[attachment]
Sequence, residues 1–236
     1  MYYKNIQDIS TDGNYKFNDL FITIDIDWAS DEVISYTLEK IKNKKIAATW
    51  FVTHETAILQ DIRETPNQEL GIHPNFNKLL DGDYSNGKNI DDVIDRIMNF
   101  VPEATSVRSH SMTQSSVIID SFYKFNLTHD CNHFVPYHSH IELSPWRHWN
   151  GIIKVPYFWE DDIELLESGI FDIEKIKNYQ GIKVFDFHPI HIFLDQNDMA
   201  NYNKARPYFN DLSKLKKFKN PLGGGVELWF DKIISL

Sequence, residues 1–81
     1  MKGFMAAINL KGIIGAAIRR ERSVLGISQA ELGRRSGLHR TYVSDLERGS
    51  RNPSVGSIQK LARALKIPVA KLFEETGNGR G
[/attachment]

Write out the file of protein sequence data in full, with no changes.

Sequence, residues 1–236
     1  MYYKNIQDIS TDGNYKFNDL FITIDIDWAS DEVISYTLEK IKNKKIAATW
    51  FVTHETAILQ DIRETPNQEL GIHPNFNKLL DGDYSNGKNI DDVIDRIMNF
   101  VPEATSVRSH SMTQSSVIID SFYKFNLTHD CNHFVPYHSH IELSPWRHWN
   151  GIIKVPYFWE DDIELLESGI FDIEKIKNYQ GIKVFDFHPI HIFLDQNDMA
   201  NYNKARPYFN DLSKLKKFKN PLGGGVELWF DKIISL

Sequence, residues 1–81
     1  MKGFMAAINL KGIIGAAIRR ERSVLGISQA ELGRRSGLHR TYVSDLERGS
    51  RNPSVGSIQK LARALKIPVA KLFEETGNGR G